I actually watched Martin Scorsese’s adaptation of The Age of Innocence before I ever read the book. I found it to be lovely and haunting, which made me want to read the book as soon as possible. It isn’t a heartwarming, everyone-skips-off-into-the-sunset type of book, which is okay every once in a while. Edith Wharton, much like Jane Austen, was a keen observer of societal conventions and their absurdities. She has several wonderful one-liners to which we can all relate. Here are two of my favorites: “Americans want to get away from amusement even more quickly than they want to get to it” and “In reality they all lived in a kind of hieroglyphic world, where the real thing was never said or done or even thought, but only represented by a set of arbitrary signs.”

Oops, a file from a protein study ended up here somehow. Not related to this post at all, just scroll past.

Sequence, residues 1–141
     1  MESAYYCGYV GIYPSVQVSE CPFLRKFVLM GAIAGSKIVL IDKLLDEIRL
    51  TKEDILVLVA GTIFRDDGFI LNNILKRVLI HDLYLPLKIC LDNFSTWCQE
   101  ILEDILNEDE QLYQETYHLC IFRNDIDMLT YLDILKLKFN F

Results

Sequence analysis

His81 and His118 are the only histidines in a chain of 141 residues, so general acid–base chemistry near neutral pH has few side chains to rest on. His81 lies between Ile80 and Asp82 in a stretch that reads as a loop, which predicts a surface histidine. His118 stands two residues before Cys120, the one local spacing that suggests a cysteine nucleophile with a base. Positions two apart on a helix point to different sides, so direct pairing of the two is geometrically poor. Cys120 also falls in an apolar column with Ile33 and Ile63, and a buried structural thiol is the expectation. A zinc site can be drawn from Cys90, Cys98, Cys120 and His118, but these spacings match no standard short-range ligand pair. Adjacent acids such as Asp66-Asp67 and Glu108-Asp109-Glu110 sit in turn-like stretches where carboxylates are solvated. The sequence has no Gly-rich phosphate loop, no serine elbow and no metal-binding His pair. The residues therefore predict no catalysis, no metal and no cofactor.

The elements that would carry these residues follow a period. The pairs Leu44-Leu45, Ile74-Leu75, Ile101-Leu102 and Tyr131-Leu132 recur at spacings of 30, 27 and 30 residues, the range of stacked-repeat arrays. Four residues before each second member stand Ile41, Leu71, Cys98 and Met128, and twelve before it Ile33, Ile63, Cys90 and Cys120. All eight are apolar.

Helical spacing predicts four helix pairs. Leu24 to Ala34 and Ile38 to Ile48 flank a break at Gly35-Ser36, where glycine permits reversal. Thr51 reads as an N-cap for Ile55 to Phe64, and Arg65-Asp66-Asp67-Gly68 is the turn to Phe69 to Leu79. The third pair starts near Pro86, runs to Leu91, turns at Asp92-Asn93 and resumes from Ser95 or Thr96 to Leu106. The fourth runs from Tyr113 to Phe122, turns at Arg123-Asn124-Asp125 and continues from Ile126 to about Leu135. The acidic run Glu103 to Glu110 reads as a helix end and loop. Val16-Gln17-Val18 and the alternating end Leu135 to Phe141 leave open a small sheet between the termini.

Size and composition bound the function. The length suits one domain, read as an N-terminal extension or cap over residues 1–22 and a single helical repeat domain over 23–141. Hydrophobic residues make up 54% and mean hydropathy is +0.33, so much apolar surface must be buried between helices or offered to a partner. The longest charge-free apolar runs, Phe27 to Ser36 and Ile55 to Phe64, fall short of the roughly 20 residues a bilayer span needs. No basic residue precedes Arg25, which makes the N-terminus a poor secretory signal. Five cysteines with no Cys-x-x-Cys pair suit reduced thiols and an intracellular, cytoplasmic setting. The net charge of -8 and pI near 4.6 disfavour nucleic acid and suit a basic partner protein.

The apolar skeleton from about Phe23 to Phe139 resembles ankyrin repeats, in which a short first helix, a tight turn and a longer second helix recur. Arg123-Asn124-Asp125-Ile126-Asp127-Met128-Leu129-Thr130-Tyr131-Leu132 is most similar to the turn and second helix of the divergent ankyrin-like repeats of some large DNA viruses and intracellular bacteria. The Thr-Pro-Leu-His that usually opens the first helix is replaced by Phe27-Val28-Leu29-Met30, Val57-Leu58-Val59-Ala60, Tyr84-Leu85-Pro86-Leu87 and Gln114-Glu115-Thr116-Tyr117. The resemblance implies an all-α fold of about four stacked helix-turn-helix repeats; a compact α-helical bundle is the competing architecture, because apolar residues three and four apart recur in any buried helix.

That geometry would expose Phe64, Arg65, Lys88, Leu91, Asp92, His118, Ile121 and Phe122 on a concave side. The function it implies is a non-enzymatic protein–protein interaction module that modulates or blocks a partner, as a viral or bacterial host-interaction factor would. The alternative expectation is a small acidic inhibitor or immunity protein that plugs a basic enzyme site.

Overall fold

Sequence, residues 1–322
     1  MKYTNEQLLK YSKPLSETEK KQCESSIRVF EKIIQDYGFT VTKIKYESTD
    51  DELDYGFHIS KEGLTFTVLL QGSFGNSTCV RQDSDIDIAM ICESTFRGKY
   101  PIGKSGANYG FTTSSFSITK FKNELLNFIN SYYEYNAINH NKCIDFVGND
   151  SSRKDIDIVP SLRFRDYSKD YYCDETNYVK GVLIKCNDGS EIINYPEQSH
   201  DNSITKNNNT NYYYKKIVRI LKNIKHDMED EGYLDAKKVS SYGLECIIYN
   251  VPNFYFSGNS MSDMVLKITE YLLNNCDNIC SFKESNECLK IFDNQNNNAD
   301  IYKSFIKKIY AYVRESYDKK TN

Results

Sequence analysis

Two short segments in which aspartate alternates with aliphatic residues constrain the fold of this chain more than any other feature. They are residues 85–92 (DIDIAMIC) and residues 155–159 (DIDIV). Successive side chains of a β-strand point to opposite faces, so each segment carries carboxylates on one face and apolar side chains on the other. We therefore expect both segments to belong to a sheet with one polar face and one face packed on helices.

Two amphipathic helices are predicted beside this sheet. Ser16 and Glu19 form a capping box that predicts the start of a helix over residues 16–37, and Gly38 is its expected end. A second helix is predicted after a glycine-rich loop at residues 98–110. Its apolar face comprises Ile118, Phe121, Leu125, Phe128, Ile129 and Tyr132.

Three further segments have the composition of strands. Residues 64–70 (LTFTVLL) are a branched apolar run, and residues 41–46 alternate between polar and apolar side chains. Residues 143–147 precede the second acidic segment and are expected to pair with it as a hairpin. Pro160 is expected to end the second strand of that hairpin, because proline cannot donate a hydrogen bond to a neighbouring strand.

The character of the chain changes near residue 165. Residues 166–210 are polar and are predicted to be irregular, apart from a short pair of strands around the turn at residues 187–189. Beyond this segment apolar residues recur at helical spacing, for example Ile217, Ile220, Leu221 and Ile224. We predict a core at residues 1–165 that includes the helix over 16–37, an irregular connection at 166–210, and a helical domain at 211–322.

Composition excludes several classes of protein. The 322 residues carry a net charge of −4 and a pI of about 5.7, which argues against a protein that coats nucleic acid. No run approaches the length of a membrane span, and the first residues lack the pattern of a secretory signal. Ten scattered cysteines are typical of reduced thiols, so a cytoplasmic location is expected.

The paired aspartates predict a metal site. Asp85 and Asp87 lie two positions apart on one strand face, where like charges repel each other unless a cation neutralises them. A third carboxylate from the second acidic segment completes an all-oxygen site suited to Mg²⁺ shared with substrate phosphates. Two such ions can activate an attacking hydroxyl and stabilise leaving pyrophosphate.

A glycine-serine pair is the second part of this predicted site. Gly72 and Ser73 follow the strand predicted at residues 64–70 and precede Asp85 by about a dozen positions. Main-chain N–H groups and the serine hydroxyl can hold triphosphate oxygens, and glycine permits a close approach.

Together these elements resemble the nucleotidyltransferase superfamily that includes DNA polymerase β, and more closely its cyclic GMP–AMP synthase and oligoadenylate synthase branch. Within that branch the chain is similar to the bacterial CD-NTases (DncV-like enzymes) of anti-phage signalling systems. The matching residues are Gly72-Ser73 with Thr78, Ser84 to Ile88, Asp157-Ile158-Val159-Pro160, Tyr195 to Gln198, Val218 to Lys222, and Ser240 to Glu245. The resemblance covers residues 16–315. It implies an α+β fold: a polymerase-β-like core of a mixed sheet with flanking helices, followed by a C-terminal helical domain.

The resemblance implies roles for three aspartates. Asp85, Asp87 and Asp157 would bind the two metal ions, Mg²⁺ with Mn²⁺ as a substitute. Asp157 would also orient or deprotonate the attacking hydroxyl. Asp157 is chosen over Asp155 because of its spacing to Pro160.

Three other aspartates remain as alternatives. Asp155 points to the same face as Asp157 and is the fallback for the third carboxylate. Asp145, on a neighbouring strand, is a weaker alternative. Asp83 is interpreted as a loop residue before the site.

The story centers around Newland Archer, who comes from one of the old, wealthy, established families in New York during the latter part of the 19th century. Newland has been brought up to marry a woman from an equally old, wealthy, established family, spend time at his gentleman’s club, less time at the office, and attend the many operas, balls, and tennis parties thrown by his friends. But will he be content doing that? Will he eventually start to question the futility of a life spent in the pursuit of pleasure? Those kinds of questions seem to become increasingly relevant with the arrival of his fiancee’s cousin, a woman seeing refuge from a cruel husband and who is seemingly immune to the demands of New York society. I won’t spoil the ending for you, but now you’ve got to know how it ends, right? You should probably come to the library and check it out! And then be sure to join us at Book Club on Tuesday, April 17th at 6:30 p.m. in the Library Community Room to discuss.